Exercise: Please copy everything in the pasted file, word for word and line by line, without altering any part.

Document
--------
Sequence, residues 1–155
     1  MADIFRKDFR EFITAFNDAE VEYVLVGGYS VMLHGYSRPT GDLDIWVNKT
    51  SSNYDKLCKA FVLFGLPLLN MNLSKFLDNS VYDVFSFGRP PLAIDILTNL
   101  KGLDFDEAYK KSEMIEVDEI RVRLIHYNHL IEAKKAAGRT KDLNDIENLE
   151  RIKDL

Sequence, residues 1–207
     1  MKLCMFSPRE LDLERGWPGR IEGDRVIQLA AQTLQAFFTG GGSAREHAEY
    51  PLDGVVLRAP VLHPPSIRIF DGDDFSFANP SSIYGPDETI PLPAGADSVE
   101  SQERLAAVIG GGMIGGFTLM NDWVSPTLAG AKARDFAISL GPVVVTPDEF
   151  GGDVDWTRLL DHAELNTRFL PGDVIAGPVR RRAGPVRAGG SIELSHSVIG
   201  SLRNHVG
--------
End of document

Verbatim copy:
Sequence, residues 1–155
     1  MADIFRKDFR EFITAFNDAE VEYVLVGGYS VMLHGYSRPT GDLDIWVNKT
    51  SSNYDKLCKA FVLFGLPLLN MNLSKFLDNS VYDVFSFGRP PLAIDILTNL
   101  KGLDFDEAYK KSEMIEVDEI RVRLIHYNHL IEAKKAAGRT KDLNDIENLE
   151  RIKDL

Sequence, residues 1–207
     1  MKLCMFSPRE LDLERGWPGR IEGDRVIQLA AQTLQAFFTG GGSAREHAEY
    51  PLDGVVLRAP VLHPPSIRIF DGDDFSFANP SSIYGPDETI PLPAGADSVE
   101  SQERLAAVIG GGMIGGFTLM NDWVSPTLAG AKARDFAISL GPVVVTPDEF
   151  GGDVDWTRLL DHAELNTRFL PGDVIAGPVR RRAGPVRAGG SIELSHSVIG
   201  SLRNHVG